There’s something breathtaking about watching a real-life cowboy ride his horse through this green pasture near McCall, Idaho.
This Roy Rogers – not the 50’s era icon – is Alan Heathcock’s version of the star. The actor pulls the reigns gently, swings to the ground, and saunters over to a young man leaning half-dazed against an aspen tree.
"Hey, Vernon," he says.
"Hey Roy. She's a hot one, ain't she?" asks the young man.
"It's hotter than a bull's breath out here."
From behind a camera about 20-feet away, "cut" is called. The crew and directors adjust camera angles, costumes, fix hair and makeup, and help the actors stay focused in the downtime.
This is just one scene in the film version of a short story by Idaho author Alan Heathcock. Heathcock has had a lot of success since his short story collection Volt came out two years ago. Now two Boise filmmakers are turning Smoke, one of the short stories from that collection, into a movie.
Smoke is the story of a father who asks his teenage son to help him cover up a self-defense killing. The characters travel a long distance with the dead body, while wrestling with what the father has done -- and what will come next for their family. Heathcock says he didn’t aim to catch the eye of filmmakers, but says the story has complicated characters and descriptive visuals. And he admits, he loves movies. The writer says he watches at least 200 a year.
“I just write my stories and I don’t think about, ‘I’m going to write this scene for potential for cinema,’ " Heathcock says. "But once I was done with it I was keeping my fingers crossed that someone would want to take these stories and turn them into movies, just because it’s one of my great passions.”
Cody Gittings and Stephen Heleker are co-directing the screen adaptation of Heathcock’s Smoke. They were Heathcock’s students at Boise State around the time the story was published two years ago. They approached their former professor last year and asked him to help produce the film. Heathcock says he quickly gave them the green light.
“And that it’s Cody and Stephen, two guys who I think are wonderful and brilliant? Well that’s a no-brainer."
The directors raised money this winter to produce Smoke. They spent the next few months hiring crew members, holding auditions, and scouting locations.
Gittings says seeing their movie idea actually in production is surreal. They had eight days to shoot the film, and he says they were able to get all the tape they needed.
“You feel like you want as much time as you had for pre-production for production just to get everything right," says the young director. "But it just doesn’t happen that way. But it’s really exciting at the same time; it’s a weird mix of feelings.”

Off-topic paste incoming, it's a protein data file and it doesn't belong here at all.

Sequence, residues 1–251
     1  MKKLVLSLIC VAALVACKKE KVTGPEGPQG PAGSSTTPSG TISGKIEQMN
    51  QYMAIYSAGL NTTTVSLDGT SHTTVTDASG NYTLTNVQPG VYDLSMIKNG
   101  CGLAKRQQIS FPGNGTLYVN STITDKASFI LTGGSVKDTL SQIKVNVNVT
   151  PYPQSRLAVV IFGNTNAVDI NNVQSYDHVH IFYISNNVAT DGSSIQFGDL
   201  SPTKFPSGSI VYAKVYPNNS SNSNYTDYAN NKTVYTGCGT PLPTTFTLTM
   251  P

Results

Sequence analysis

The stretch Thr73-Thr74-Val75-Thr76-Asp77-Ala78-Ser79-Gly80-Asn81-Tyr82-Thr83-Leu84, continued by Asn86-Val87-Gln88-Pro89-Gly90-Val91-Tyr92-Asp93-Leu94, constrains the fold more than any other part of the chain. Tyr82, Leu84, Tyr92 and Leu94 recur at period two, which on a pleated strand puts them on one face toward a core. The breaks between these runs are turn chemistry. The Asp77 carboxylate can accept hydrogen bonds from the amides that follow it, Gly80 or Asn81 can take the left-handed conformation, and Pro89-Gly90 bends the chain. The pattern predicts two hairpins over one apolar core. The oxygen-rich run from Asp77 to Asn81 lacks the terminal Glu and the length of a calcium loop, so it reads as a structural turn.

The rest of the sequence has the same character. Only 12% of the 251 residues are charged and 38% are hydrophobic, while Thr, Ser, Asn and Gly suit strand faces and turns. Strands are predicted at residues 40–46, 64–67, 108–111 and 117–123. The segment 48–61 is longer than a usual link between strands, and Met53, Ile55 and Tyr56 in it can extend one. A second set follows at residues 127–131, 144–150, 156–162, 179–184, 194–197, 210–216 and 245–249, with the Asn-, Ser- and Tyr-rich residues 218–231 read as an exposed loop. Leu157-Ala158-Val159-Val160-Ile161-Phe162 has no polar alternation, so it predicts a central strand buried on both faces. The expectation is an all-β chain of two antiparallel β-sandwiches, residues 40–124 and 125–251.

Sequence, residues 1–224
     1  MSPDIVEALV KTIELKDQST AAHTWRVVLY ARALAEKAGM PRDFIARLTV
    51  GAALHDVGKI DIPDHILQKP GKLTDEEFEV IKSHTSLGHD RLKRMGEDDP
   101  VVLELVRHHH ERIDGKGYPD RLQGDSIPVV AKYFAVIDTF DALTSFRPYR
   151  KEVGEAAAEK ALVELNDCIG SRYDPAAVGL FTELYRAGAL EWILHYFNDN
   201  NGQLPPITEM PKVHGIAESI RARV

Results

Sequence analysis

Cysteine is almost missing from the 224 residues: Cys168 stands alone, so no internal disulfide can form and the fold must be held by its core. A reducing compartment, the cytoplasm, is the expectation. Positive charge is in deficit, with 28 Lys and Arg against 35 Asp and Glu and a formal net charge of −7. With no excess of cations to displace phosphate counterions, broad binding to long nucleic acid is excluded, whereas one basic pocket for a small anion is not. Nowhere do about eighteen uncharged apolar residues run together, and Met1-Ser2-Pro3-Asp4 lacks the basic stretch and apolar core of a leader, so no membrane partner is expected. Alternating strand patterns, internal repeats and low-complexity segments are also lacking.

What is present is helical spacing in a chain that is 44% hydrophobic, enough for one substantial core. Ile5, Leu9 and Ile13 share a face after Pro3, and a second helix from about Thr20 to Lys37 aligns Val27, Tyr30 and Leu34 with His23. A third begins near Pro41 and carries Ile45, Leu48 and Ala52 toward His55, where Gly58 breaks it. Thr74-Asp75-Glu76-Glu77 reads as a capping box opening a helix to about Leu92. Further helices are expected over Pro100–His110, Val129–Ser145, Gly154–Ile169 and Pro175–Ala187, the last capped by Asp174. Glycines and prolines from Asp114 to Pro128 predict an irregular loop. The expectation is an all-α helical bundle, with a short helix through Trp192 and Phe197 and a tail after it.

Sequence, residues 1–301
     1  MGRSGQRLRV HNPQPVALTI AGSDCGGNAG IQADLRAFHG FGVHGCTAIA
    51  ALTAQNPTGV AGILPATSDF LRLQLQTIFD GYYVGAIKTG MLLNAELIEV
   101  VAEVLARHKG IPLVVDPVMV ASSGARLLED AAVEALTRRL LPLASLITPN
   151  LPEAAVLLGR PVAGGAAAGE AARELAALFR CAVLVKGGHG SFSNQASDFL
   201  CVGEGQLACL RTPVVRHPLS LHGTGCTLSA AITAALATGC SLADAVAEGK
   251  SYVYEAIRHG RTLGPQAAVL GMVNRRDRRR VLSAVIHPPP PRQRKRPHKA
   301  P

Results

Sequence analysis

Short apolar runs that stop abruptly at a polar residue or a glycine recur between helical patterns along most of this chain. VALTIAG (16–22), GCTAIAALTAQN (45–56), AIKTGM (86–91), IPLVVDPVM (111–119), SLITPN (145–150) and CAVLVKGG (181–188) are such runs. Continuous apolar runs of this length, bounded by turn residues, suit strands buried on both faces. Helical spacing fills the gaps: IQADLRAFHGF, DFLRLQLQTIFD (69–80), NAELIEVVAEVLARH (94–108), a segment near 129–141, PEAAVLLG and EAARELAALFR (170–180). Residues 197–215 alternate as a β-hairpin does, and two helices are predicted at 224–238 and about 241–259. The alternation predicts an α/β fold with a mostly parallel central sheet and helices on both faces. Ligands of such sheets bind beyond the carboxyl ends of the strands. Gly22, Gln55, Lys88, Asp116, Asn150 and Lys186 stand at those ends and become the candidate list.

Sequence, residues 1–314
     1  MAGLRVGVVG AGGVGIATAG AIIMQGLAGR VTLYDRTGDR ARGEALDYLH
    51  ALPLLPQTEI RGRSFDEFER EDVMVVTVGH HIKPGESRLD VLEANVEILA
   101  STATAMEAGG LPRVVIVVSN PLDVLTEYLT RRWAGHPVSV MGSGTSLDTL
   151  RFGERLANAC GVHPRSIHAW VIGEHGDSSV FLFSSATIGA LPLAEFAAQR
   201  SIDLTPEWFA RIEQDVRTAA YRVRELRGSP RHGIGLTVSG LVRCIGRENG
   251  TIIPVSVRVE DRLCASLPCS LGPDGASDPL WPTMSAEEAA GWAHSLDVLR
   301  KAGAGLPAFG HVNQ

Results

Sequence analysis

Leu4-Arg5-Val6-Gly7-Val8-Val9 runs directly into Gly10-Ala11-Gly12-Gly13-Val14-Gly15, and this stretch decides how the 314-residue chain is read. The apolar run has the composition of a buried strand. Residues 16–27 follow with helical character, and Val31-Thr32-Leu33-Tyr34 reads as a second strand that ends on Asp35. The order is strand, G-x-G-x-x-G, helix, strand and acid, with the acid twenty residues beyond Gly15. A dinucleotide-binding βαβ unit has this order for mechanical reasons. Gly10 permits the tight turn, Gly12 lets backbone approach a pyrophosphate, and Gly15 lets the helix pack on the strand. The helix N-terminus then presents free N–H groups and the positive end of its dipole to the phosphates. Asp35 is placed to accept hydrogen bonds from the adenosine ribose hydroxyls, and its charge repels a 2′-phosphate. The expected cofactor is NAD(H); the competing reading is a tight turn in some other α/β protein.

Gittings and Heleker have worked on a couple dozen projects together since meeting six years ago. But Smoke is the first film they plan to enter in big name festivals.
They shot the film using southern Idaho’s landscape. Their locations included a cliff, a light flooded cave, and an aspen grove. The directors hired cast and crew from around the country, including Idaho. Heathcock says they brought in New York City actor Joel Nagle.
“Joel, who plays the role of the father -- which is based off of my grandfather -- I showed him a picture of my grandfather when he was around the [same] age," says the writer. "And they have a striking resemblance to one another. So it’s a very surreal but completely beautiful thing to witness.”
Nagle says his experience with the filmmakers has been sincere and refreshing, beginning when he got off the plane.
“Stephen was there, and Alan was there," says the actor. "I knew I would meet Alan. I didn’t really have any expectations, but he was certainly much nicer than I could have imagined. He’s a fine man and very talented.”
Nagle really embodies the father and stays in character between takes. Heathcock says the level of professionalism displayed by cast and crew makes him feel at ease.
“I just feel a complete sense of peace, and that the thing is just happening," says Heathcock. "I don’t want to get too sentimental about the whole thing, but it’s really a very very cool thing.”
Gittings and Heleker are now cutting through the hours of tape they shot earlier this month. The directors plan to submit the 30-minute final version of Smoke to Sundance and Tribeca Film Festivals this fall.
Copyright 2013 Boise State Public Radio